PMQs Review: The one with the vanishing border
PUBLISHED: 13:55 01 July 2020 | UPDATED: 14:13 01 July 2020
During a PMQs largely devoid of action, we at least got one big announcement: there is no border between England and Scotland
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Well, OK, technically today’s session of prime minister’s questions did throw up one genuine news line: that people with British National Overseas status from Hong Kong are to get limited leave to remain in the UK.
But what genuinely jumped off the page was the prime minister casually dispensing with 12 centuries of geopolitical reality in a throwaway answer to a lazy question from a pliant MP.
Andrew Bowie (Con, West Aberdeenshire and Kincardine), an obscure backbencher, rose to ask if the PM shared his “anger” at Nicola Sturgeon not ruling out introducing quarantining or screening for travellers coming from England if infection rates rose south of the border. Johnson described any such move as “astonishing and shameful” before laying out, to Tory cheers: “There is no such thing as a border between England and Scotland.”
There definitely is - I’ve seen it. There are signs on both sides and everything. It runs for 96 miles between Marshall Meadows Bay and the Solway Firth. But then this administration has demonstrated throughout this epidemic that devolution in 1997 pretty much passed it by.
And if that curious brush-off of the UK’s political make-up seems an odd way to nose off a review it’s because this was an otherwise largely forgettable session of PMQs, a 0-0 draw.
Keir Starmer asked “why was the government so slow to act” to implement a lockdown in Leicester after it knew of a spike in virus cases as early as June 18. Johnson, as ever, and in a sort-of nod to the Two Ronnies’ Mastermind sketch, answered not the question he’d been asked but the one he wished he had. Claiming that the government had “acted decisively” and “put on the breaks” in Leicester, he said: Unfortunately in Leicester, it did not prove possible to get the results that we have seen elsewhere so on Monday we took the decision, which I hope the right honourable gentleman approves of, to go into lockdown in Leicester.” Of course Starmer approved - his question was why it didn’t happen two weeks ago.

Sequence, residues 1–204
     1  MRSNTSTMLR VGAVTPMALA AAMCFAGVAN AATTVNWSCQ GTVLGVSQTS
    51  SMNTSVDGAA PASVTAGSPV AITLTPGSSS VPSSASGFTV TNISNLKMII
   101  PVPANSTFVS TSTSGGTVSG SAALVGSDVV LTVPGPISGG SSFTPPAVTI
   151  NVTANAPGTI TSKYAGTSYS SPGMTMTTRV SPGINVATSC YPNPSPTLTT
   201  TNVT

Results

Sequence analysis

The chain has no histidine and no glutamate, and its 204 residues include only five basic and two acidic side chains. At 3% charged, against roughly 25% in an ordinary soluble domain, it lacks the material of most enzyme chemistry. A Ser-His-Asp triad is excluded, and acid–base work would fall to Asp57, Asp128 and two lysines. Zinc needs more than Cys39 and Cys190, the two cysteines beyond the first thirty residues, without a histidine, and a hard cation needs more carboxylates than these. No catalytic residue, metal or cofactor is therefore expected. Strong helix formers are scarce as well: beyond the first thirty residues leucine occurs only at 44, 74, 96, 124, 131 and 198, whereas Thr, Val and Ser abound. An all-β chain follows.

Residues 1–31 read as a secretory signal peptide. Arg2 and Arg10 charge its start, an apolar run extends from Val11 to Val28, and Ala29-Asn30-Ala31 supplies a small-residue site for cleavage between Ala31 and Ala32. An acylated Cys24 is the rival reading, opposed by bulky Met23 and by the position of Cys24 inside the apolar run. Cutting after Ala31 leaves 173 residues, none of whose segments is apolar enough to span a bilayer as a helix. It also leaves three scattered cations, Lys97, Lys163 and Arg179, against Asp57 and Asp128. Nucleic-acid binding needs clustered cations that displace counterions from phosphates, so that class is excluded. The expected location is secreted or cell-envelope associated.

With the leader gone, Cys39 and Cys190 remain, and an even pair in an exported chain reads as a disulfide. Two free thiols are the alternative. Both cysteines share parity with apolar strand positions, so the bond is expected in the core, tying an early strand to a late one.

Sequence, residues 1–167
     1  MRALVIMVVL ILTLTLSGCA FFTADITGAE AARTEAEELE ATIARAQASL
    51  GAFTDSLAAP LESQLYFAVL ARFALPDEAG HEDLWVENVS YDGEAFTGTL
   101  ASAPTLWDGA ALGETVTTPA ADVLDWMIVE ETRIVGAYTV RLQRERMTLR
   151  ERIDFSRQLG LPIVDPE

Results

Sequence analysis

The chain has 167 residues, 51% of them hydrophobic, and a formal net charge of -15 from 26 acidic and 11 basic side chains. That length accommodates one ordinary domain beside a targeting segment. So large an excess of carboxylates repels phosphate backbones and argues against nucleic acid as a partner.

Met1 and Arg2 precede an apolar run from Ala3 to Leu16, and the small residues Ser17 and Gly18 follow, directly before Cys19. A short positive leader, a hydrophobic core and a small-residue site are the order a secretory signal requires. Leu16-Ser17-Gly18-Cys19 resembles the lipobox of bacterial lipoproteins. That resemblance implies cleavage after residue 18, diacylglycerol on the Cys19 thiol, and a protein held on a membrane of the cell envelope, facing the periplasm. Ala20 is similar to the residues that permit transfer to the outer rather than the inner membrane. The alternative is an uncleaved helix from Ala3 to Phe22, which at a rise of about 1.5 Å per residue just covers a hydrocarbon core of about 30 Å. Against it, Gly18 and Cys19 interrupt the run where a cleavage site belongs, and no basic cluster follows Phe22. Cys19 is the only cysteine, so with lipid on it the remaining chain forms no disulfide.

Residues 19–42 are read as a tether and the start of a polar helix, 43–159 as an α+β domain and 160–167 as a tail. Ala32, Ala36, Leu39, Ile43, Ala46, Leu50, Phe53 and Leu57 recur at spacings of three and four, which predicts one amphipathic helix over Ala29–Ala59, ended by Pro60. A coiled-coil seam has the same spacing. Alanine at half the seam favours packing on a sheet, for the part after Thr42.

Starmer said that the PM “can’t just bat away challenge” and pointed out that, when the MP for Hove asked last week how seaside towns could be expected to cope with the likely influx of visitors to beaches and parks during the hot weather he had replied “show some guts”. “Two days later Bournemouth beach was closed with 500,000 visitors, a major incident was declared,” said Starmer “Does the prime minister now regret being so flippant?”.
Johnson’s nostrils flared and his voice raised. He was “absolutely clear that as we go forward with our plan, our cautious plan for opening up the economy, it is very, very important that people who do represent seaside communities, places where UK tourists will want to go, should be as welcoming as they can possibly be”. Hmmm.
Starmer also asked about Johnson’s economic speech yesterday, highlighting job losses at Airbus, easyJet and others, adding: “There was nothing in the prime minister’s speech for the 3.2m people in hospitality or the 2.9m in retail. Johnson once again went on about Starmer not calling for children to go back to schools - despite the fact that, due to his own education secretary’s crass mismanagement, they largely can’t - and proudly pulled out a new slogan. “We’re the builders, they’re the blockers. We’re the doers, they’re the ditherers. We’re going to get on with it and take this country forward,” he said, this apparently happily substituting for policy.
Finally, a number of MPs across parties - including Tory Nickie Aiken (Cities of London and Westminster), whose constituency takes in the capital’s theatre district - called on the PM to help reopen the creative industries. Johnson wasn’t interested.
“This is quite a theme,” he yawned at one point, later moaning: “The House is speaking with pretty much one voice this morning.” He then proposed doing pretty much nothing. People in the creative industries, of course, largely don’t vote Tory.
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